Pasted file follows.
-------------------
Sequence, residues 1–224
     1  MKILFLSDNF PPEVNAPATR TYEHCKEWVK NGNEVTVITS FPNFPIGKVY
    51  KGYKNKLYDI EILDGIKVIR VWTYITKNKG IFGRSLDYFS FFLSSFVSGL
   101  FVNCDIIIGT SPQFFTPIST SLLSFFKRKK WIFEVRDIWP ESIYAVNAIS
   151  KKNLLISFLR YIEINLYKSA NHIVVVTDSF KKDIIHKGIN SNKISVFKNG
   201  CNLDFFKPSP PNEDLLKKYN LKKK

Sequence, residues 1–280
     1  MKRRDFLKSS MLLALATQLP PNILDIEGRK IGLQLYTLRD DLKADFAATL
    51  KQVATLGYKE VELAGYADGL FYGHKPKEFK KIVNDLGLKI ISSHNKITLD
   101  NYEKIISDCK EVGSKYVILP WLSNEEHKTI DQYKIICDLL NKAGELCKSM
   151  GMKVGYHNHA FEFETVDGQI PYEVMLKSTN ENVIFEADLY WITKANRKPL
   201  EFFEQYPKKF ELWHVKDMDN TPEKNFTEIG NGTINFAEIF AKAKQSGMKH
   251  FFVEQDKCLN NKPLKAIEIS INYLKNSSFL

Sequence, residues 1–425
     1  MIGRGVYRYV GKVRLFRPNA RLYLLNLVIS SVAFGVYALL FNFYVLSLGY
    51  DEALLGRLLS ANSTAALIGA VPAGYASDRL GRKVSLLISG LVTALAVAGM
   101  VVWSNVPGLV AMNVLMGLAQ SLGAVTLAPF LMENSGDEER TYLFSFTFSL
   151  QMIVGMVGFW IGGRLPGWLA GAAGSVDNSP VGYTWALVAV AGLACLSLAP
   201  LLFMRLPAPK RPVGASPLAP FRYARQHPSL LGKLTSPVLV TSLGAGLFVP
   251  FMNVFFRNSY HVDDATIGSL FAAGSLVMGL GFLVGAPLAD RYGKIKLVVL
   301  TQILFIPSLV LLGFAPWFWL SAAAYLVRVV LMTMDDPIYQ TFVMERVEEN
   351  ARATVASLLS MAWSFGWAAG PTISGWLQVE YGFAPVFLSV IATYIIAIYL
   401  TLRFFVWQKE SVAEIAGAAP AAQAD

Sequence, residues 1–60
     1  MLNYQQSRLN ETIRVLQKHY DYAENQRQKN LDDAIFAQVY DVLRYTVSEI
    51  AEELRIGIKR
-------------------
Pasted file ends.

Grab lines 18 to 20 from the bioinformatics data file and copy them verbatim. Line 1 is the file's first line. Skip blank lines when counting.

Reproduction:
   151  QMIVGMVGFW IGGRLPGWLA GAAGSVDNSP VGYTWALVAV AGLACLSLAP
   201  LLFMRLPAPK RPVGASPLAP FRYARQHPSL LGKLTSPVLV TSLGAGLFVP
   251  FMNVFFRNSY HVDDATIGSL FAAGSLVMGL GFLVGAPLAD RYGKIKLVVL